6. Castresana, J. 2000. Selection of conserved blocks from multiple alignments for their use in phylogenetic analysis. Molecular Biology and Evolution 17:540–52, doi: 10.1093/oxfordjournals.molbev.a026334.
  7. De Grisse, A. T. 1969. Redescription ou modifications de quelques techniques utilisées dans l’étude des nematodes phytoparasitaires Vol. 34. Mededelingen Rijksuniversiteit Faculteit Landbouwwetenschappen, Gent, 351–69.
  8. Filipjev, I. N. 1934. The classification of the free-living nematodes and their relation to the parasitic nematodes. Smithsonian Miscellaneous Collections 89:1–63.
  9. Goseco, C. G. , Ferris, V. R. and Ferris, J. M. 1975. Revisions in Leptonchoidea (Nematoda: Dorylaimida). Tylencholaimellus, Doryllium, Gerthus n. gen. and Agmodorus in Tylencholaimellidae; and Aulolaimoides and Adenolaimus in Aulolaimoididae. Research Bulletin, Purdue University, Agriculture Experiment Station, West Lafayette, Indiana, No. 928, 40pp.
  10. Huson, D. H. and Scornavacca, C. 2012. Dendroscope 3: an interactive tool for rooted phylogenetic trees and networks. Systematic Biology 61:1061–1067, doi: 10.1093/sysbio/sys062.
  11. Jairajpuri, M. S. 1964. Studies on Campydoridae and Leptonchidae (Nematoda: Dorylaimoidea) with description of Basirotyleptus basiri n. gen., n. sp., from India. Proceedings of the Helminthological Society of Washington 31:59–64.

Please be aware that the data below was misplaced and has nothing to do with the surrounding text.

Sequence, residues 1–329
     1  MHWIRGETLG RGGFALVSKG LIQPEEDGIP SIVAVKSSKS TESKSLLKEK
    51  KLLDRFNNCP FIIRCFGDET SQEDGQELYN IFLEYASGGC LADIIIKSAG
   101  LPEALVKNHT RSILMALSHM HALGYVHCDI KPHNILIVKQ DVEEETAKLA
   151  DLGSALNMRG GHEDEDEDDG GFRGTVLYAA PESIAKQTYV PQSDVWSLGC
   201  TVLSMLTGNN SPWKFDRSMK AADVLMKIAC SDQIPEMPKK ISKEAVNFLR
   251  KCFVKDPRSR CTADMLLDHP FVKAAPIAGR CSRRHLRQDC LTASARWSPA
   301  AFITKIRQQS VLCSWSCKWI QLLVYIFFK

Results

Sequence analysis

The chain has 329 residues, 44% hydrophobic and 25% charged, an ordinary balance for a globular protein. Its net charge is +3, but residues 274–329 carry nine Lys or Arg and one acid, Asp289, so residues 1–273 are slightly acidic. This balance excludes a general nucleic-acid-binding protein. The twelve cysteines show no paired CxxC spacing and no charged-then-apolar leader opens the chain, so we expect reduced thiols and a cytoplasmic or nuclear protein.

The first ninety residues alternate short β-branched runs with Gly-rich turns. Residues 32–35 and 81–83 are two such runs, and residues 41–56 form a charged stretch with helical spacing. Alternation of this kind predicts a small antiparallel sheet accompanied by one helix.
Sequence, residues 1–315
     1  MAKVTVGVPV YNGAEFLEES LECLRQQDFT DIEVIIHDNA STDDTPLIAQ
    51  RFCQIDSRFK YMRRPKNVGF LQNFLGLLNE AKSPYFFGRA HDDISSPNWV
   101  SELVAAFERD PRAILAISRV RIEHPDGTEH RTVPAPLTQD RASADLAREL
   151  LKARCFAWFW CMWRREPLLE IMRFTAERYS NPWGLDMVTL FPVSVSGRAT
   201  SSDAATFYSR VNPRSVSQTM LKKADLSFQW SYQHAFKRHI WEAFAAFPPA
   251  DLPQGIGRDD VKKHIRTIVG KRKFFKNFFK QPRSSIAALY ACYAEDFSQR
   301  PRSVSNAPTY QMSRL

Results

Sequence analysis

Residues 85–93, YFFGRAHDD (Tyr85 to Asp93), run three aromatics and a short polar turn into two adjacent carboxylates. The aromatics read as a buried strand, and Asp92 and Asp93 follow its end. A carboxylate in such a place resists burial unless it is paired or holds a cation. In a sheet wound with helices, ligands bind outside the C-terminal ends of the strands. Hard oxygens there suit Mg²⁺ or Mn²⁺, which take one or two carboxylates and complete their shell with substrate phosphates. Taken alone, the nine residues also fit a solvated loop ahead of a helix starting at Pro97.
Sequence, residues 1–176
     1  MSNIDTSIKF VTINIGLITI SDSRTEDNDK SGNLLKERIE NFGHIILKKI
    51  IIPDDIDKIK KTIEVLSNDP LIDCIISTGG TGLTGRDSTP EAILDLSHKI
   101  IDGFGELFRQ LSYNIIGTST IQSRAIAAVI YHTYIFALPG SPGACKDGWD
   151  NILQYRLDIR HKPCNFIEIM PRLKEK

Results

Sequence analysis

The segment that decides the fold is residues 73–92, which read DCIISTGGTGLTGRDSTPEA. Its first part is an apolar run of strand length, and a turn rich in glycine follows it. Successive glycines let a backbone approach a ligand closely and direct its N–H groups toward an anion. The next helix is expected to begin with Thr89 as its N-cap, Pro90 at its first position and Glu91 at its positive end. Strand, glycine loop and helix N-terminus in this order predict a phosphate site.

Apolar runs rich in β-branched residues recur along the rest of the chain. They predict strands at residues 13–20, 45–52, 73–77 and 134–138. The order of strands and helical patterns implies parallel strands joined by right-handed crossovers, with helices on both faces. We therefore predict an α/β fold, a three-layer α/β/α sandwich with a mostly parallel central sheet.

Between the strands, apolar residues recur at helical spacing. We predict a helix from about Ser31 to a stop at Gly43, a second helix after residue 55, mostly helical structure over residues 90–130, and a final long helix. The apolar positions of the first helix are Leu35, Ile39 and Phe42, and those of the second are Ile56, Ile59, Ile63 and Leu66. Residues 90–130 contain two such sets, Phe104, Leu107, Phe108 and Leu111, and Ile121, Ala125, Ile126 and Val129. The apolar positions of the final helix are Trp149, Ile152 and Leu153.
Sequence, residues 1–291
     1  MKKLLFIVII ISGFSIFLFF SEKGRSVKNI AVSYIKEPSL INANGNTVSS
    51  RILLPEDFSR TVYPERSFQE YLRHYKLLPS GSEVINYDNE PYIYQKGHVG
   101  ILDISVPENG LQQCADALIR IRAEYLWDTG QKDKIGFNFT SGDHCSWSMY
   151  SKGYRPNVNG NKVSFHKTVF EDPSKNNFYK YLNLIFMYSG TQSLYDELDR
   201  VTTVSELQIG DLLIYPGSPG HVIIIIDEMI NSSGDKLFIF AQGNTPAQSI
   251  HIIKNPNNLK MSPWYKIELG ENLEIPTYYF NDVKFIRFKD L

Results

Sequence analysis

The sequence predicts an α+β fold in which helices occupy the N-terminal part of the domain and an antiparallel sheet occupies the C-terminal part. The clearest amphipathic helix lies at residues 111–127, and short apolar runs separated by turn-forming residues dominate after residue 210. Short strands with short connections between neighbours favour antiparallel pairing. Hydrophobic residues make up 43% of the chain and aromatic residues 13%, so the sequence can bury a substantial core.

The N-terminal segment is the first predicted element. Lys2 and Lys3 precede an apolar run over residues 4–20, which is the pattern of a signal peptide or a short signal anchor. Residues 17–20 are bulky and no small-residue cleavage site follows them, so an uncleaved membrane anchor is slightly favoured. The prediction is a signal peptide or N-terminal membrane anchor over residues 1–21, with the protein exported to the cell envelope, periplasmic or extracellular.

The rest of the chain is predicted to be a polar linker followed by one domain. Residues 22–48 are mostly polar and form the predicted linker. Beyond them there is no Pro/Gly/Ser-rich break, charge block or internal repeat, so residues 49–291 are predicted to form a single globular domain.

12. Katoh, K. and Standley, D. M. 2013. MAFFT multiple sequence alignment software version 7: improvements in performance and usability. Molecular Biology and Evolution 30:772–80, doi: 10.1093/molbev/mst010.
  13. Larget, B. and Simon, D. L. 1999. Markov chain Monte Carlo algorithms for the Bayesian analysis of phylogenetic trees. Molecular Biology and Evolution 16:750–9, doi: 10.1093/oxfordjournals.molbev.a026160.
  14. Micoletzky, H. 1915. NeueSüsswasser-Nematodenausder Bukowina. Mitteilungen der Naturwissenschaftlichen Vereins für Steiermark 51:445–454.
  15. Mullin, P. G. , Harris, T. S. and Powers, T. O. 2005. Phylogenetic relationships of Nygolaimina and Dorylaimina (Nematoda: Dorylaimida) inferred from small subunit ribosomal DNA sequences. Nematology 7:59–79, doi: 10.1163/1568541054192199.
  16. Mushtaq, P. , Baniyamuddin, M. and Ahmad, W. 2006. Studies on nematodes of the family Aulolaimoididae (Nematoda: Dorylaimida) with descriptions of five new species. Nematology 8:761–780, doi: 10.1163/156854106778877965.